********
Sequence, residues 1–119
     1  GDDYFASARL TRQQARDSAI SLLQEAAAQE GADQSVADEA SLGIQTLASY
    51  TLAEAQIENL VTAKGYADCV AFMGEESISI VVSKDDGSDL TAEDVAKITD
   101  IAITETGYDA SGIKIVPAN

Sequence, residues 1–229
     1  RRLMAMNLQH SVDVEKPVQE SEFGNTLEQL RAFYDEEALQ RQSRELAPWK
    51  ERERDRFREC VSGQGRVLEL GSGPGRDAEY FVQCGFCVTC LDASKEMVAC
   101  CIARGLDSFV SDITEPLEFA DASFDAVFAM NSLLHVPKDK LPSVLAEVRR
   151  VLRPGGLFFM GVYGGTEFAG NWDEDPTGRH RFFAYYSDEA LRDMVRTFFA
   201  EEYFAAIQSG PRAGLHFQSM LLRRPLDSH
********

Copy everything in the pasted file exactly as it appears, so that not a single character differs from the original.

Sequence, residues 1–119
     1  GDDYFASARL TRQQARDSAI SLLQEAAAQE GADQSVADEA SLGIQTLASY
    51  TLAEAQIENL VTAKGYADCV AFMGEESISI VVSKDDGSDL TAEDVAKITD
   101  IAITETGYDA SGIKIVPAN

Sequence, residues 1–229
     1  RRLMAMNLQH SVDVEKPVQE SEFGNTLEQL RAFYDEEALQ RQSRELAPWK
    51  ERERDRFREC VSGQGRVLEL GSGPGRDAEY FVQCGFCVTC LDASKEMVAC
   101  CIARGLDSFV SDITEPLEFA DASFDAVFAM NSLLHVPKDK LPSVLAEVRR
   151  VLRPGGLFFM GVYGGTEFAG NWDEDPTGRH RFFAYYSDEA LRDMVRTFFA
   201  EEYFAAIQSG PRAGLHFQSM LLRRPLDSH